I have always been an avid reader, this was something we had in common – he had a few books I borrowed to read – I am a fast reader and would return these books in a short time after I had borrowed them. A few weeks into our relationship, he would randomly ask me to describe an object wherever we were or describe it in an essay from a book I had borrowed to read. It seemed innocent to me then, but looking back, that was how the manipulation started. He wanted to exert his superiority intellectually, so he would pick statements I made apart and point out how ridiculous something I had said sounded. There was nothing wrong with these statements looking back now, and even if there was, who really wants to live with their teacher 24/7? Then I started to notice that if I stood up for myself, I am argumentative and if I decide to be quiet and simply ignore him, I am difficult to deal with. This went on for weeks and everything had to be done on his terms – to the point that even my Christmas gift was not good for him because I had not consulted him first to find out what he wanted – I simply could not do anything right by this man. Eventually, I felt I was the problem and I needed to do more to be good enough for him. Whenever I made plans for us, it was never good enough – the final straw was when I realised that he did not want any of his friends and family to know about me. I started having doubts about the relationship and started to question his character and I found no answers to his questions in him!

Months into the relationship, I was not the same person – I was self-doubting and started feeling that I was not enough for anyone. How I got to this place eluded me at the time, and I felt ashamed and rejected when he ended the relationship after I questioned some of his actions. Years later, I met a young lady who was dealing with a difficult breakup – through her tears she told me how her cheating boyfriend had broken up with her and made her feel like she was the reason for the breakup. As I listened to her and watch the tears stream down her face, I stated “You must feel shamed and not enough, right?” – she immediately looked up in surprise and affirmed my statement. As I recounted my experience to her, I told her it was not her fault. We had both encountered abusers who had capitalised on our affections for them and used it against us – while speaking to her, I was finally free of the shame and rejection I had carried from this past relationship.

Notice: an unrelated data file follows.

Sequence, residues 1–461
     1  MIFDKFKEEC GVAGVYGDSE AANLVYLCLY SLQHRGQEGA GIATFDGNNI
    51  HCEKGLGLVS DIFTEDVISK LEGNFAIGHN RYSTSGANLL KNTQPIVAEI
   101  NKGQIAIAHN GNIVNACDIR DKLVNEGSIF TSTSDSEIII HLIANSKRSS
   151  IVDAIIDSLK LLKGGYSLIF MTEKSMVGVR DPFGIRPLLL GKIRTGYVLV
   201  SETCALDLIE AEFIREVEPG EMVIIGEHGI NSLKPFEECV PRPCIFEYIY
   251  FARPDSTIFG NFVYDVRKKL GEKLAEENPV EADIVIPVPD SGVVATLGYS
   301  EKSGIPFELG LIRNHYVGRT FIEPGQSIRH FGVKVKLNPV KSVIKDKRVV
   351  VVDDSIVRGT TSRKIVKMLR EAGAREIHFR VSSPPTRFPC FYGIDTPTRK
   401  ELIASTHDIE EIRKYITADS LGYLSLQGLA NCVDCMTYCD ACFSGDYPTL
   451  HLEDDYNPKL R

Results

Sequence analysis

When I told my friend Kwadwo this, he backed down from his view a little bit – not much but a bit. You see, I did not realise that I was being manipulated – to me they were little comments here and there and the negative criticism about actions that I took was his way of correcting me – but what needed correcting? Eventually, I started doubting myself and was at the mercy of this man. When confronted about his actions, he suddenly needed a break because I was hard work – and I started believing that perhaps I was hard work. I think this is the case for many victims out there – little by little, your abuser will chip away at your self-confidence and then proceed to attack and chip away at your self-respect also. So while Kwadwo and I went back and forth on the issue at hand, together with some feedback I had been receiving from my weekly posts, I was convinced more than ever that these stories needed telling so these abusers can be stopped. I believe strongly, that once a victim is able to identify that they are being abused, they start getting their power back to take actions in their favour. If one does not think they have a problem, then any help offered is redundant.

When this man decided to film his wife throwing his things out – he forgot to include what had led to her actions; he wanted to manipulate the world into thinking he was the victim instead of his poor wife. As I get feedback from my posts and explore my own stories as well as friend's, I am convinced that this issue is multifaceted and I need to make more time to explore it further. A good place to begin is to identify and explore how it all starts – as time goes on, I hope to explore other forms of abuse in relationships. I encourage you to make time to reflect on your relationships – are the people you love trying to change you into someone else? When you speak up are you listened to or seen as a problem? Do you feel enough or are you made to feel lucky you have been chosen? Are your needs being met in your relationships or are you constantly looking for ways to make the other person happy?

I am sharing my story today in the hope it will help someone out there identify whatever toxic situation they find themselves in and take their power back. I would love to hear from you if this had been your experience or if you have just become conscious and realised you are being abused. Do get in touch and let’s effect the change needed by sharing our experiences.


Koya Nkrumah

Hi, I'm Koya Nkrumah. I have always been drawn to the art of storytelling and using it as a tool to effect change in my world. I therefore started a blog to openly encourage discourse on issues that affect many and how change can be effected by rethinking them from diverse perspectives